Tomblin, 186 W.Va. 537, 413 S.E.2d 358 (1991).
5. In order for the Budget Digest to conform to the requirement of W.Va.
Code, 4-1-18 , which directs the Conferees Committee on the Budget to prepare a
'digest or summary' of the budget, the finance committees, their chairmen, or the
subcommittee chairmen must have memoranda of the negotiations, compromises and
agreements or audio recordings of committee or subcommittee meetings where votes were
taken or discussions had that substantiate the material which is organized and memorialized
in the Budget Digest. Syl. Pt. 5, Common Cause v. Tomblin, 186 W.Va. 537, 413 S.E.2d
6. A fair reading of West Virginia Code § 4-1-18 (1969) (Repl.Vol.1999), contemplates and requires that the material contained in the budget digest under the heading Legislative Intent must have been the subject of discussion, debate, and decision prior to final legislative enactment of the budget bill, either within the legislative committees or sub-committees of the respective houses to which the budget bill, or parts of it, have been committed, formally or informally, or within the conferees committee.
This matter comes to us upon a petition for a writ of mandamusSee footnote 1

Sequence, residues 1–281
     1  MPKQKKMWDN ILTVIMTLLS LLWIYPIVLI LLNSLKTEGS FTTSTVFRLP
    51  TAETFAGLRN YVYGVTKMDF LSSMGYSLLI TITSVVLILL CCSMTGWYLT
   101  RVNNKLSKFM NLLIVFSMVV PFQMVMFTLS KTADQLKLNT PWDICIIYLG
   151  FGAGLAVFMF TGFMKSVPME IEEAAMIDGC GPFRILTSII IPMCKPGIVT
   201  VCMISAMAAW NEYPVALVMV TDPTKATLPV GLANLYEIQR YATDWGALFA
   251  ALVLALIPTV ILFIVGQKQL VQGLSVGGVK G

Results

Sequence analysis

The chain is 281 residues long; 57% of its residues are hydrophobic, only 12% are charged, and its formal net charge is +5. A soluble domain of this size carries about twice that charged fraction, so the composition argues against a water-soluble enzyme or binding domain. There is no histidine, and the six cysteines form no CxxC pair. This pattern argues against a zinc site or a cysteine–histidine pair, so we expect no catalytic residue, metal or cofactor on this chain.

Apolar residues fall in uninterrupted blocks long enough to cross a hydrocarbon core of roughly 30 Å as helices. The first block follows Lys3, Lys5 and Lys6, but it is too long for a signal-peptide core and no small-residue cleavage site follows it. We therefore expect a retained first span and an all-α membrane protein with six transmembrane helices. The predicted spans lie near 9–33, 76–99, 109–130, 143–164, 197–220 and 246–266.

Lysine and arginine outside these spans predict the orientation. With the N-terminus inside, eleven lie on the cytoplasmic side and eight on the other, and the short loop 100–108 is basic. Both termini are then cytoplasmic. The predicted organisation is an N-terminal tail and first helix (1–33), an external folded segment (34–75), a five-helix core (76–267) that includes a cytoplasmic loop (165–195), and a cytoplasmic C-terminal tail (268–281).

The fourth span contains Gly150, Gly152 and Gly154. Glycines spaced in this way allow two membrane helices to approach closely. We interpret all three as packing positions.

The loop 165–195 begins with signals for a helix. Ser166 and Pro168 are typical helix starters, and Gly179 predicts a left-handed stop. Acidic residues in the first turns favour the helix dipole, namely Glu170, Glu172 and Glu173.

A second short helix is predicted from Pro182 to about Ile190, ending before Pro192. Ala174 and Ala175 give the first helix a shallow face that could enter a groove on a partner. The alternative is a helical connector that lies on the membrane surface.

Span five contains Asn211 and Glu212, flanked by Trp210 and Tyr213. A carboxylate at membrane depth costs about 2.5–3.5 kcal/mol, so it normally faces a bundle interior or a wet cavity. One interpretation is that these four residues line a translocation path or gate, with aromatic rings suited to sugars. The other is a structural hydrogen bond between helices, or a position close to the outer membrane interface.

filed on behalf
of several prominent public interest groupsSee footnote 2
and a former member of the LegislatureSee footnote 3
the presiding officers of the House of Delegates and state Senate and the office of the
GovernorSee footnote 4
(hereinafter collectively referred to as Petitioners). Petitioners argue that the
practices currently employed by the Legislature in preparing the budget digest mandated
by West Virginia Code § 4-1-18 (1969) (Repl.Vol.1999) are in violation of the Modern
Budget Amendment,See footnote 5
the constitutional provision regarding separation of powers,See footnote 6
Court's directives in
Common Cause v. Tomblin, 186 W.Va. 537, 413 S.E.2d 358 (1991).
Petitioners assert additionally that the Legislature is unlawfully accomplishing the transfer
to the governor's civil contingent fundSee footnote 7
of appropriations initially made to the House of
Delegates. As relief from these asserted violations, Petitioners seek a writ of mandamus
finding these practices unconstitutional; directing the Legislature to forthwith cease and